I have just over a month to go before intern year is over, and the only thought I have is I don't know if I can keep doing this for three more years.
Between the third and fourth year of medical school and one year of intern year, I've already been doing this for three years.
And I'm not sure I've come out better on the other side of those years.
Right at this moment, I'm so beat-down and burnt out that it's hard to care about anything. I'm tired. It's hard to sleep at night, because all I can think about is that I have to get up and go to work. Again. And again. And again.
It's been months since I've had two days in a row off.
I know what the signs of burn-out are, and I'm pretty sure I'm checking off the boxes. My performance at work is suffering. My motivation to study is minimal. I'm just doing what is required of me and not much more.
And the thought that I'll keep feeling this way for three more years makes me just want to quit right now.
Except I can't. Because someone has to pay the mortgage and bring home food.
As I was having a mini-meltdown last night, Hubster made a remark about regretting going to the particular medical school I went to. I told him it wasn't the school I regretted, it was medicine in general. I've become a statistic, one of the many doctors that say, given the chance, they wouldn't do it over again.
I resent what my education and training have done to me.
I like to think of myself as an optimistic person. I like to think that I'm an idealist, a dreamer, a hoper. But I'm not sure how much of that person is left. My training has been the optimism and joy right out of me.
There is a reason the depression rate and suicidal ideation are so high among physicians (Great article about it here.) The path through this is difficult. Like a fellow resident-blogger wrote once, "When it is bad, it is very bad. And when it is good, mostly, it's just OK."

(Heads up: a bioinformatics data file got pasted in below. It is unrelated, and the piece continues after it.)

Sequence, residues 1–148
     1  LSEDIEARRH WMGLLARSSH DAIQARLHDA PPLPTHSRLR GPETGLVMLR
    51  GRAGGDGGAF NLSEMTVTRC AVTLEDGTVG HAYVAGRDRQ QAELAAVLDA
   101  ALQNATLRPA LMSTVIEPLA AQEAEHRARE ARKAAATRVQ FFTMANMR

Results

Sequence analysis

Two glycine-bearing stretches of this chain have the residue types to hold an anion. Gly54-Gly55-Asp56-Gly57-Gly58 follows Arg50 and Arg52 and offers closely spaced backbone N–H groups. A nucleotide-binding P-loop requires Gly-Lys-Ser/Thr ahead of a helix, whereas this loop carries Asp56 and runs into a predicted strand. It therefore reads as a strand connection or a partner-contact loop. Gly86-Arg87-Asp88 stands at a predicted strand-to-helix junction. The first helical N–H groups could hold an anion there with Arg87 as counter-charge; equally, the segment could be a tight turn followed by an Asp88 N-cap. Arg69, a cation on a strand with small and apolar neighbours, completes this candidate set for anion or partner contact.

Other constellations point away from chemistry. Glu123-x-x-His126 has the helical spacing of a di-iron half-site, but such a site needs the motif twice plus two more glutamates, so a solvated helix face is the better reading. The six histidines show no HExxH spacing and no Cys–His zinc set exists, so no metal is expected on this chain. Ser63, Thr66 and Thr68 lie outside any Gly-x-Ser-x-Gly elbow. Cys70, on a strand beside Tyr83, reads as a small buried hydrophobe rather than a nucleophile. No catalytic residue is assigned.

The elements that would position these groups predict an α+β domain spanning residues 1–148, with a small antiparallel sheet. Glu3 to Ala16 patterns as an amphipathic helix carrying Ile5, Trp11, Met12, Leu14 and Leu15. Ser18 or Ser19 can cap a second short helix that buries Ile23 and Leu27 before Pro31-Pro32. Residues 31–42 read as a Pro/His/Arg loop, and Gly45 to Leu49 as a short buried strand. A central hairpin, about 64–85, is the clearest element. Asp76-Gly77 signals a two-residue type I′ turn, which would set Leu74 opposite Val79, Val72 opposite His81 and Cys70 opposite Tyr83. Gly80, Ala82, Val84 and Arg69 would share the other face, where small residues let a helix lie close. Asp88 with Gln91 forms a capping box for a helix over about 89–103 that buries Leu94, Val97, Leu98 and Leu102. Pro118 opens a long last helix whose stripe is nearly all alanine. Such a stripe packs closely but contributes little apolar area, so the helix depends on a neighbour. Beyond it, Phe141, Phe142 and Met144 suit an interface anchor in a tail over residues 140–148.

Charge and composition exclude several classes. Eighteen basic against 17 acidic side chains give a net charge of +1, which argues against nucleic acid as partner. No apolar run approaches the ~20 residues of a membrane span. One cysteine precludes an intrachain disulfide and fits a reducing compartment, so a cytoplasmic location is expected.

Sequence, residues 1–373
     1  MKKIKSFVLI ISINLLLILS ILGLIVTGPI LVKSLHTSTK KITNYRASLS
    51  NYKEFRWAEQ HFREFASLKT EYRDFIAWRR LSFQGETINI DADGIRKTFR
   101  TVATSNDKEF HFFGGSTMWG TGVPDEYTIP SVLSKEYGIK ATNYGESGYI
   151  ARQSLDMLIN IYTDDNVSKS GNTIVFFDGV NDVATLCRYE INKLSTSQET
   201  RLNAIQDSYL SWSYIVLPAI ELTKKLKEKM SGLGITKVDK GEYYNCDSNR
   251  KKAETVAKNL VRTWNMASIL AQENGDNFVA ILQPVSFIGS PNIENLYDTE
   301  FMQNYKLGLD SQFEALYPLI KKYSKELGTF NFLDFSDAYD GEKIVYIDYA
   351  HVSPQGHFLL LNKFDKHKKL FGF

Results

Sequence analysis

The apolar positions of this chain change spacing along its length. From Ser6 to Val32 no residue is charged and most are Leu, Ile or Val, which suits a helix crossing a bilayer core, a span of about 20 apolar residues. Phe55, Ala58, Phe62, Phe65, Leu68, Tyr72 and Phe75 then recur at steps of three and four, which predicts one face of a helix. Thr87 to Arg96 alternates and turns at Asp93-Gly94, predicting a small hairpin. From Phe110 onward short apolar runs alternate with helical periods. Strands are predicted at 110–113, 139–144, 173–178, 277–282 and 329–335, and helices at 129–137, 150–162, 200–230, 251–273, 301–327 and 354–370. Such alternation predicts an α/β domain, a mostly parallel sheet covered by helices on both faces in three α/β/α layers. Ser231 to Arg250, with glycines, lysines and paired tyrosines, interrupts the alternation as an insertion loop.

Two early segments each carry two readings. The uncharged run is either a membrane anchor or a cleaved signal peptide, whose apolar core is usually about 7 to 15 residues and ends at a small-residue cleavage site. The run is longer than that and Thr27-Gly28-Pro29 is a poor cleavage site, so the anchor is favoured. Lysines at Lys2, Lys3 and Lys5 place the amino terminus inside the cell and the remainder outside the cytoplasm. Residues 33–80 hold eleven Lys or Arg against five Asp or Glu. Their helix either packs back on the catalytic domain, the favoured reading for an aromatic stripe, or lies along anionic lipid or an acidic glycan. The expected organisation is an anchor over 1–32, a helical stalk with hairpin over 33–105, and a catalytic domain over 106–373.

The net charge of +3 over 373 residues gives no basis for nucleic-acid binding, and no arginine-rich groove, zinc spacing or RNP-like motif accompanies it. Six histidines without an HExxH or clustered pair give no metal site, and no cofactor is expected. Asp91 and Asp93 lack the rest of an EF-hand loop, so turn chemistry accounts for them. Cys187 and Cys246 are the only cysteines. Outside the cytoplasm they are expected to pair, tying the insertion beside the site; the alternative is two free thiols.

But don't worry. I'm okay. I may be burned out, but I'm not depressed. I may not be happy at work. But I still have plenty to have happy about.
See, things at home, well, they are the best they've ever been. Even if Monkey is going through a particularly naughty phase that includes dumping all the drill bits under the deck. The boys are happy and healthy. Hubster and I have reached a new level of communication and love in our relationship. Coming home every day feels like reaching harbor after a journey. I feel like a different person at home. One that has nothing to worry about except being tackled during a game of tag.
Maybe it is the happiness at home that makes going to work so very hard.
There is a resident that I'm working with right now that is still so happy and thoughtful and energetic. I don't know how he does it. Maybe his training up to this point has been different than mine. And then I am envious. Envious that he is happy, when I just can't seem to be. Envious that he is content, while I am trying to survive. Envious that he is still optimistic, idealistic, and hopeful.
But there are times, even when I'm not sure how I can keep going, there are small moments, that I think, maybe, the old girl I was is still in there.